Napoleon Wells on Fruitvale Station
Feb 14, 2017 by Marketing on The Nickelodeon Blog
By Sarah Nichols
Fruitvale Station, directed by Ryan Coogler and starring Michael B. Jordan, begins on the last day of Oscar Grant III’s life. The film follows the events that led to his death and gives insight on his character. He wasn’t just a victim; he was a man with friends, family, a life and a story. Although watching a film might not single-handedly resolve the racial problems our country faces, Fruitvale Station does not allow us to turn a blind eye. It makes us stand up.
The Nick will be screening the film as a part of our Black Stories series on February 20 at 6:30 pm. Leading the talkback will be Napoleon Wells, who is an American author, psychologist, speaker and activist, noted for writing A Field Negroes Handbook. In 2015, Wells spoke at a TEDx talk in Columbia, where he focused on racism as a mental health issue and how we can cure it.
To give a preview of what we might expect at the talkback, I interviewed Mr. Wells on Fruitvale Station, his activist work and more. Here is what he had to say:
Did you hear about the true story of Oscar Grant III on the news, or was it through this film that you learned of it? Can you reflect on those initial moments when you first heard the story?
Napoleon Wells: I first heard the story through a close friend from northern California. When the film was in development, I kept my ear to its progress. Like most people, I was saddened by the story. It felt like yet another concussive blow. Yet another trauma for our children to process. I wondered about how our family in the Bay area were coping. I knew emotionally, that the film would wash over us all, rather like wave. It did. It felt rather like too many other accounts of lives lost, victim blame and a nation family reluctant to see this, and address it. The film is brutally powerful.
2. It seems that since Oscar’s death and the movie’s subsequent release, there have been even more shootings of Black males, or, at least, more publicized shootings. Do you think this movie helps explain to people how we should treat, discuss and handle this issue?
Black men, women and families haven’t ever been properly policed in the United States. This is historical, and generational. Social media has simply allowed us more access to these accounts, but has also brought about a shared trauma at having to witness these atrocities and our society’s refusal to provide justice, protection or empathy. I don’t believe that the film was created to offer answers. The film is a piece of art. The discussion was meant to be projected onto it by its audience. It is one piece of evidence, a document that has prompted the dialogue, rather than explaining. It is critically important in that way. We aren’t meant to empathize or sympathize. We are tasked with bearing witness.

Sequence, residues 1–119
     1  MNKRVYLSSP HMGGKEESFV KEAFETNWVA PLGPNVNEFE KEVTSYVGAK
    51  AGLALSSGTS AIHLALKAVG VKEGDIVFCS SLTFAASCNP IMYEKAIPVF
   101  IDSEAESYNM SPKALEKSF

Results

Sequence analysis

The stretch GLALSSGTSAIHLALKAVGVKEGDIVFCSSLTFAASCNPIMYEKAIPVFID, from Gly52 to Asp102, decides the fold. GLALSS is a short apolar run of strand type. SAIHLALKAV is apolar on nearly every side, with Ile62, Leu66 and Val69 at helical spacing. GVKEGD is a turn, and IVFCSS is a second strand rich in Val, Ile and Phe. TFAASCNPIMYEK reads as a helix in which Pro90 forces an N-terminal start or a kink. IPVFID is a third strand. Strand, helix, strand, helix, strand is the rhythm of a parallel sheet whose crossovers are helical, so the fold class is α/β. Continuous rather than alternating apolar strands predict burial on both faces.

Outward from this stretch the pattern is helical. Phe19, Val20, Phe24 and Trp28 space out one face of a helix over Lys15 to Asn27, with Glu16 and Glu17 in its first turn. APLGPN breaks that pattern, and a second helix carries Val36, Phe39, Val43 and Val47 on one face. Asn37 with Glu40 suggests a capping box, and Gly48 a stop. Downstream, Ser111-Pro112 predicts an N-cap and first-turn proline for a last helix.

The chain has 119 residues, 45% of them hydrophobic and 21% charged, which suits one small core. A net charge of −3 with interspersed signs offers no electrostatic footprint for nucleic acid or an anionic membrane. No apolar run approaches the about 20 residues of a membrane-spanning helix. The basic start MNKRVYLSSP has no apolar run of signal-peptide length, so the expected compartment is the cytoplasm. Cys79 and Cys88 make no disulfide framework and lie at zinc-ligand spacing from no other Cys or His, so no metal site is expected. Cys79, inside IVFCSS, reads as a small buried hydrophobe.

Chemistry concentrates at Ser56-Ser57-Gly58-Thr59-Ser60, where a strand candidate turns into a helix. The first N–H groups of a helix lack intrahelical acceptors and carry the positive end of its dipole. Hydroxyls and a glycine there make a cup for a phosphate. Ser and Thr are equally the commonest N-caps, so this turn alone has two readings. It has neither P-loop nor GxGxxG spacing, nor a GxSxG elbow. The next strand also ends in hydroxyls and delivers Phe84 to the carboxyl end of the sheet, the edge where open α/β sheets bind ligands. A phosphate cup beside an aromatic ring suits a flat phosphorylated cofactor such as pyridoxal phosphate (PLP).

3. Can you explain a bit about the education work you have done?
Certainly. I have developed the theory of A Cure For Racism and the #IAmTheCureforRacism movement. I work with the HipHopEd project and Dr. Christopher Emdin, and the army of dedicated souls working to engineer better, more aware classrooms and educators for our children. In South Carolina, my work has involved pressing the conversation of racism as a public health crisis forward, beginning with the community and working with groups like SCPA and departments at USC to engage the community.
4. Through your activism, have you had any especially notable interactions or discussions with others, either on your side or the opposition, that have stuck out in your mind that you would like to share?
Interacting with a living, growing, struggling nation family has been educational. Most notably, I imagine, has been how to process receiving a few pieces of hate mail about my theory and work. Receiving those suggested to me that my work was reaching all intended audiences. I had a rather interesting conversation with an older White woman who wanted to take me to task for not better taking the perspective of those who celebrate the confederate flag. I took it as an opportunity to listen and teach. My discussions with colleagues, students, and collaborators have typically been fascinating. Outlining race trauma in classrooms with the HipHopEd collective stands out. I was contacted by a Black British student some weeks back for a project she was completing. She had watched my TEDx talk and wanted to discuss the feasibility of expanding it across the pond. There have been too many to identify since I’ve started this work.